As things turned out Our Boys were unemployed on Friday and the Beeb unhesitatingly played the parochial card and stuck with the cricket all afternoon, reckoning that it was not worth inviting the wrath of the willow- wielders in order to show the Britless semis. Why show one Aussie (Woodbridge) being rolled over when you can show another (Warne) rolling over an entire team?
Coverage returned to SW19 with highlights of the Sampras v Woodbridge encounter, which was enlivened with whoops of joy from the commentators every time Woody played a decent shot. At first one assumed that these came from the summariser, Pat Cash, but on reflection they are more likely to have been produced by Barry Davies, whose utterly British affection for the underdog knows no bounds.
Once Woody had been chopped we expected to move straight on to live coverage of Michael Stich v Cedric Pioline, but first there was another little scheduling hiccup to be overcome. "Over now to Clive Anderson," Desmond Lynam announced, with a barely inclined eyebrow that indicated the unusual nature of the interruption.
"Welcome to A Weekend on Mars," the dome-headed former advocate said, as tennis fans all over the country choked on their Robinson's Barley Water. "Pathfinder has landed and we can now go live to Mission Control," where assorted geeks in headphones were embracing each other.
It was all most confusing. having juggled with the ticklish prioritising of cricket and tennis, the schedulers now had a giant leap forward in space exploration to factor into their calculations. Clearly, this was only fairly important, for in a moment or two Anderson was signing off with the phrase "now back to Planet Wimbledon", swiftly topped by Lynam's "and back down to earth".
And back to the live tennis, which would now run uninterrupted until the second semi-final was concluded, unless night fell or a group of Martians, returning the compliment, landed on Centre Court - where they would blend in perfectly with the surroundings if, as traditional accounts suggest, they were green.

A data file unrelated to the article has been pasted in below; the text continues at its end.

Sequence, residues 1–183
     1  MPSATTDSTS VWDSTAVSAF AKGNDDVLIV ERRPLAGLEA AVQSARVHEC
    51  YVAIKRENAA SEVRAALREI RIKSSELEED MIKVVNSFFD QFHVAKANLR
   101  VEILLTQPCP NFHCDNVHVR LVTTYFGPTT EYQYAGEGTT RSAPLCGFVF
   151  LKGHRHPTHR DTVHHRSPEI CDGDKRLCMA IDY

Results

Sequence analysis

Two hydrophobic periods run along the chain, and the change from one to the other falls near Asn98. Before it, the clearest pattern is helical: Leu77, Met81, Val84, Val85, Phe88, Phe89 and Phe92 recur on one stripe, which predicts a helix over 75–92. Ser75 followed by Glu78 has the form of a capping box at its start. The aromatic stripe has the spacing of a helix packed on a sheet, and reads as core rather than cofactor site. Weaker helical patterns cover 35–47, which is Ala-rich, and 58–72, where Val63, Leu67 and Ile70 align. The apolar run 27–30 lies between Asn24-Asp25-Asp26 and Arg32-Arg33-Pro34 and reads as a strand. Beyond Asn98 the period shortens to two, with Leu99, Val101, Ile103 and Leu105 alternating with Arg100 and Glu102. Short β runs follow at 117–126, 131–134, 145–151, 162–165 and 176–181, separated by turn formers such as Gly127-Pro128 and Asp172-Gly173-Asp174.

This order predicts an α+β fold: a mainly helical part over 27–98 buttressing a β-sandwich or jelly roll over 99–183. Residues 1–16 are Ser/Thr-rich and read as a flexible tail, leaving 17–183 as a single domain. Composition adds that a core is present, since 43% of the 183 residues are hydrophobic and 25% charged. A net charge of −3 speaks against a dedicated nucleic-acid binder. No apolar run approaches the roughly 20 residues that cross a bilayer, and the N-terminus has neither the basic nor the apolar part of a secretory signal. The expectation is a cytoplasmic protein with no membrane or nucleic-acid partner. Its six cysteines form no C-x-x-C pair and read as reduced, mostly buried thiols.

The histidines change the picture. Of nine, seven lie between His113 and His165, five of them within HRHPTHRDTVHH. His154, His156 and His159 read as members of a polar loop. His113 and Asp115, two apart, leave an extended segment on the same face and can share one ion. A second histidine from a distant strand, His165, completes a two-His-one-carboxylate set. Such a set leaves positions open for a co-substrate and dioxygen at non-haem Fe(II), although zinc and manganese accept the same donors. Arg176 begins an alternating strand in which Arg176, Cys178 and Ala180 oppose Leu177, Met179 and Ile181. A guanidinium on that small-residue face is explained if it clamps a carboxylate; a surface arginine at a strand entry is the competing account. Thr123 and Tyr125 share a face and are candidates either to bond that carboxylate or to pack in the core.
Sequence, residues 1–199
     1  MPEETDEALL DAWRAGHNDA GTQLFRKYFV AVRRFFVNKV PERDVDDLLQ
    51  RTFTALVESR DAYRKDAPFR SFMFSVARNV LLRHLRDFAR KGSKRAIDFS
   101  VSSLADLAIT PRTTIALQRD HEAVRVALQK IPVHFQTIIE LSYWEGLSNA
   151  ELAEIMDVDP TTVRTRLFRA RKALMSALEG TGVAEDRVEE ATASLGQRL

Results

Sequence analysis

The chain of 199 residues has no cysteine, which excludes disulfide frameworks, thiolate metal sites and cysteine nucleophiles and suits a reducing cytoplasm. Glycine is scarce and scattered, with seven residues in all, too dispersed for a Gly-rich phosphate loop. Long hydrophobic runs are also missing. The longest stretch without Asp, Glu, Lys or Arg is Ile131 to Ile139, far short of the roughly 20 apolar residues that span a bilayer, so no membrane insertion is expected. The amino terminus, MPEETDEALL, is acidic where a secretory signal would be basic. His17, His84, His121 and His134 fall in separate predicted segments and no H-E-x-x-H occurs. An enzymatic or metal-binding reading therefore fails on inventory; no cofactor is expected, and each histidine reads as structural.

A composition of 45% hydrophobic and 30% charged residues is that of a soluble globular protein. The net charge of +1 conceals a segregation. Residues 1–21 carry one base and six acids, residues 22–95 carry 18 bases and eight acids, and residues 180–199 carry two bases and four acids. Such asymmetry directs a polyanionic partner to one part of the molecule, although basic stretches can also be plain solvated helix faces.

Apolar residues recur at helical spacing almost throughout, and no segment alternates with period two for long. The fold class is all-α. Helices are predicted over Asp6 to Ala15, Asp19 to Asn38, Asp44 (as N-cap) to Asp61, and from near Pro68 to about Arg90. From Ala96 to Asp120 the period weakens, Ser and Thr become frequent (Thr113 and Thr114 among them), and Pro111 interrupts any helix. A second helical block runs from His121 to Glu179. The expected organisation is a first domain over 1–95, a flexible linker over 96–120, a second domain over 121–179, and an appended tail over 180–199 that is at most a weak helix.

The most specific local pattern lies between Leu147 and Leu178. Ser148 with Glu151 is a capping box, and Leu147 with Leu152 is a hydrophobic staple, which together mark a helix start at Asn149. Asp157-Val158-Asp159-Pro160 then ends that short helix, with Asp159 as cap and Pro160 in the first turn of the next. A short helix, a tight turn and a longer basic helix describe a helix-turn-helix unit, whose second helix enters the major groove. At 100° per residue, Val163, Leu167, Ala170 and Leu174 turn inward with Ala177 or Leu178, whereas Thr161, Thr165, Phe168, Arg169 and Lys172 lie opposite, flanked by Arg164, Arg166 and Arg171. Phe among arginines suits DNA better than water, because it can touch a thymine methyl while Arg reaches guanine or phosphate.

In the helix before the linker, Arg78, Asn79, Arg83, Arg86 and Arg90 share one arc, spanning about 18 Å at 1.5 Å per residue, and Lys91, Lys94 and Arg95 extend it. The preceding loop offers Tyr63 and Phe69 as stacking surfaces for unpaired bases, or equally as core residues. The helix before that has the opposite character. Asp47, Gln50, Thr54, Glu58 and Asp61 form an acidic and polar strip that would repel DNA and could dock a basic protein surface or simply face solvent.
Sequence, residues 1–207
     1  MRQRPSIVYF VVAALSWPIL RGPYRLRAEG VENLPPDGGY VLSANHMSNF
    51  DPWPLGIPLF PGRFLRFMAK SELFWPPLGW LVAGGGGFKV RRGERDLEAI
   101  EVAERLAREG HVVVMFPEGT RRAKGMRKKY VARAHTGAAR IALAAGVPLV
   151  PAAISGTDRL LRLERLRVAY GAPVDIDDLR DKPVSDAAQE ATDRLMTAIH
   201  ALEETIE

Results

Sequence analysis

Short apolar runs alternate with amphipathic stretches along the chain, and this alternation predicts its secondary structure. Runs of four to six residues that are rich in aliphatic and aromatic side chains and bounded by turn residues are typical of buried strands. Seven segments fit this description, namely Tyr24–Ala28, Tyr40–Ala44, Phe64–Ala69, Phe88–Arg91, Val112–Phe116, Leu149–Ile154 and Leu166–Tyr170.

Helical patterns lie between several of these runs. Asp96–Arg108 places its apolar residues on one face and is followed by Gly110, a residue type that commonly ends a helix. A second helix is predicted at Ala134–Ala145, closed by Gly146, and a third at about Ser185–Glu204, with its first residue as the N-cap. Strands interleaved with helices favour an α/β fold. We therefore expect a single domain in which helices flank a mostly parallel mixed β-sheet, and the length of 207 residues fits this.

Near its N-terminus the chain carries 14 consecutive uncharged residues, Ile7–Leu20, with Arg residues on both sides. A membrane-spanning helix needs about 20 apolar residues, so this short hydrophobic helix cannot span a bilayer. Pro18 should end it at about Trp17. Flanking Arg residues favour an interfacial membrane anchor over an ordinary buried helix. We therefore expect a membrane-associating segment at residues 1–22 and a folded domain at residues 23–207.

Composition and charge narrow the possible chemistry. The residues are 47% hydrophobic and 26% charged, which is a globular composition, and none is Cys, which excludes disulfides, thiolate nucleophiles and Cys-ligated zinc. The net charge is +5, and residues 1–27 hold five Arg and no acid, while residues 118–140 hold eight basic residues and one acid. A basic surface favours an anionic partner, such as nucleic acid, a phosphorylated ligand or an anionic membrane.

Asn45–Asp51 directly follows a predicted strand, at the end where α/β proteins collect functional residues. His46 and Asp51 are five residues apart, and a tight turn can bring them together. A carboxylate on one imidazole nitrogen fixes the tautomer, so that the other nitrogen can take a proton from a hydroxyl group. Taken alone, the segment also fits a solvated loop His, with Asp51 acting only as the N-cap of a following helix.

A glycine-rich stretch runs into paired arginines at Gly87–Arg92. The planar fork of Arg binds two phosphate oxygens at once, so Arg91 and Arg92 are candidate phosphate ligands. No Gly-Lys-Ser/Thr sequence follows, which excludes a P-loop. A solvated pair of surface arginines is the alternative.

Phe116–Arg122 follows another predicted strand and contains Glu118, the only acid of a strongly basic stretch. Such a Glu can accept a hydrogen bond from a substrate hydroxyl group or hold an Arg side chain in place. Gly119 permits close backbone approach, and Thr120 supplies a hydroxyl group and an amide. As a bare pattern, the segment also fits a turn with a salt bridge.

There had already been one green-clad stellar visitor to the championships, when Chris Evert joined Sue Barker on Today At Wimbledon (BBC1) wearing a fetching lime-green number. Barker herself had chosen a pastel shade of orange for her ensemble that evening, and the pair of them looked like the last two sweets in a packet of sherbet Refreshers.
Inevitably, there was something of the girls' school reunion about this encounter, and Barker was inclined to giggle and gush, a tendency she has so far resisted this year after a crash course at the Lynam School of Cool. Evert gushed back: "Isn't this amazing - I remember you on court and now I come over here and you're the biggest star on television..." Luckily, before the girls could whip out the family photo albums, there was some tennis to discuss, and the small matter of Boris Becker's retirement from Grand Slams.
The key problem here, clearly, is that Boom-Boom is going Boing- Boing. "Every day I wake up and something else hurts," he said, and you had to sympathise. Becker has been a wonderful performer at Wimbledon and he deserves better than to wake up one morning and find that his arm has fallen off.
Evert recalled that in her case retirement was prompted by fatigue of the mind rather than the body: "Physically I could have gone on, but mentally I was out of steam." Her muscular resilience may have been something to do with her refuelling habits at Wimbledon: what with all the waiting around and the rain delays, she recalled, she would often put on a lot of weight over the course of the tournament, a case of piling up the points and piling on the pounds.
Barker was not averse to scoring points off Evert herself, something one suspects she finds easier in a television studio than she ever did on court. "What about the Americans this year?" she asked, with the closest to a smirk that her innocent features can manage. Evert was taken aback. "Let me see that face again," she responded, and Barker told her "It's the same face that you used to see at the other end of the court." Revenge, like Barker's habitual demeanour, is sweet.